On the morning of Nov. 7, more than 100 students lined 228th Avenue Southeast outside of Skyline High School in Sammamish.
They held up signs with sayings such as “Don’t tell me how to dress! Tell them not to rape,” “ISD…How would you like to be kept in class with your rapist?” “Time’s up” and “Horrible day to be a Spartan.”
The students were out to show support for sexual assault survivors. The demonstration was prompted by two former students — a pair of sisters — who filed a lawsuit against the Issaquah School District for allegedly not protecting them from bullying and harassment after one of them reported being raped by two of the school’s star football players.
“I wish that would’ve happened when I was [at Skyline],” said Jane, the former student who reported being sexually assaulted in 2014 and whose name has been changed. “I would’ve loved to have all of that support.”
But what happened to Jane was in a pre-#MeToo and pre-#TimesUp era — a time when sexual assault survivors were much more hesitant to come forward and share their stories. Because back then, it was still OK (well, not OK because it is never OK, but more socially acceptable) to shame and blame the assaulted rather than the assaulter.
Despite the harassment she faced, including comments that she should transfer to a different school, Jane, who was a junior at the time, chose to stay at Skyline through graduation.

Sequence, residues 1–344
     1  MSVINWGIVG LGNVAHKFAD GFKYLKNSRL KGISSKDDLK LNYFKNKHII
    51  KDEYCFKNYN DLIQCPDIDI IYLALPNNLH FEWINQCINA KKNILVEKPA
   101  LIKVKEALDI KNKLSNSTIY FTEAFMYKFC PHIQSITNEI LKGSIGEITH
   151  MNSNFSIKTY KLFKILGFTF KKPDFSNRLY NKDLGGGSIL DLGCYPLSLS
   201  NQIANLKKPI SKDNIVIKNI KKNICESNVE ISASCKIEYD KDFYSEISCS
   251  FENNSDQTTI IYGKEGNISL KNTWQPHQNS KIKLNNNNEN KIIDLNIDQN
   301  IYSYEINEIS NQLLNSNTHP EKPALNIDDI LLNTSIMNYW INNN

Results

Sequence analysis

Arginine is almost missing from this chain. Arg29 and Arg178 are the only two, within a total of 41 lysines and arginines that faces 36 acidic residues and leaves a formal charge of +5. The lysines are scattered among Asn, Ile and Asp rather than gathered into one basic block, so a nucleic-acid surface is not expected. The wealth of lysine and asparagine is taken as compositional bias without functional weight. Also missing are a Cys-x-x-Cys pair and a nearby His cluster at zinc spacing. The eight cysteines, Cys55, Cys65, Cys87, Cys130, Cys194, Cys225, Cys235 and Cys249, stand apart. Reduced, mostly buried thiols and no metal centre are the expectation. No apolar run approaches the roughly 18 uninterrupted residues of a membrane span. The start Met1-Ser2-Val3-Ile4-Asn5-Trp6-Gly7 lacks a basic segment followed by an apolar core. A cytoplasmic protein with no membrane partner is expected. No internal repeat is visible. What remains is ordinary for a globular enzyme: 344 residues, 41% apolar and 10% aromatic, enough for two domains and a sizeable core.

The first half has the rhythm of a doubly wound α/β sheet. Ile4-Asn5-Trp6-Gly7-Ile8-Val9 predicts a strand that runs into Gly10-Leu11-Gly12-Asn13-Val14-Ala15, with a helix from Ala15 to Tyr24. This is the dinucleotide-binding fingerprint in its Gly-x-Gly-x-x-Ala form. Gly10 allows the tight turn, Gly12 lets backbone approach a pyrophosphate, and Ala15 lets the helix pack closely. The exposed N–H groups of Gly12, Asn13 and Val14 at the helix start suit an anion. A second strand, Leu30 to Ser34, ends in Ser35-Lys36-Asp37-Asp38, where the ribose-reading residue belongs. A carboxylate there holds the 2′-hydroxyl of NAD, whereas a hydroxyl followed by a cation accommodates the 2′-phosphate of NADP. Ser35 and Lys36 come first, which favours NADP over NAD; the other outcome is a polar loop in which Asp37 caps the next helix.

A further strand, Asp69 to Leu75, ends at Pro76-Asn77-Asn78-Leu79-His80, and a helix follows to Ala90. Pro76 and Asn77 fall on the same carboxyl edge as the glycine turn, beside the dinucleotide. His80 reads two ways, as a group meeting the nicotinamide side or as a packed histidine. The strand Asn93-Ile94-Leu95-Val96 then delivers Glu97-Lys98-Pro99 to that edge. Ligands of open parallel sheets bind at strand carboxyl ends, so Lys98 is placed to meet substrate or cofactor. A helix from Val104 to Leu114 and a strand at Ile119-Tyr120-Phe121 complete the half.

“If I left, they could come back,” she said, because part of the protective order against her assailants — who later pleaded guilty to fourth-degree assault with sexual motivation — stated they could not come within 500 feet of her or her school. In addition, Jane’s sister was also attending Skyline at the time and was bullied and harassed. Jane’s sister eventually transferred to a different school.
Jane added that if she left, it could discourage another girl from coming forward if she were assaulted. She made the conscious decision to endure what she did in the hopes of making things easier for others.
Although the #MeToo movement is in full swing, it is still difficult for survivors to come forward — even those in powerful positions. Imagine the kind of courage it would have taken Jane, a 16-year-old with almost no one to support her, to choose to stay at her school. She was taking a stand and saying #MeToo and #TimesUp before it was a thing, but no one at her school was listening.
Well, they’re listening now.
“We’re ashamed and disgusted with ISD,” said Skyline senior Sasha Burckhardt. “They shouldn’t let rapists stay in school and not protect the victims… we want this to stop.”
Burckhardt attended last week’s student demonstration, holding up a sign that read, “ISD: Talk about rape, don’t hide it.” In addition, he said the school and people should stop being apathetic about rape and sexual assault claims and toward survivors.
The district’s apathy and inaction sent Jane the message that “they didn’t really care,” she said. It was a message that discourages anyone — especially girls and women — from coming forward and sharing their truth. She also saw it as a message to discourage people from standing up for others.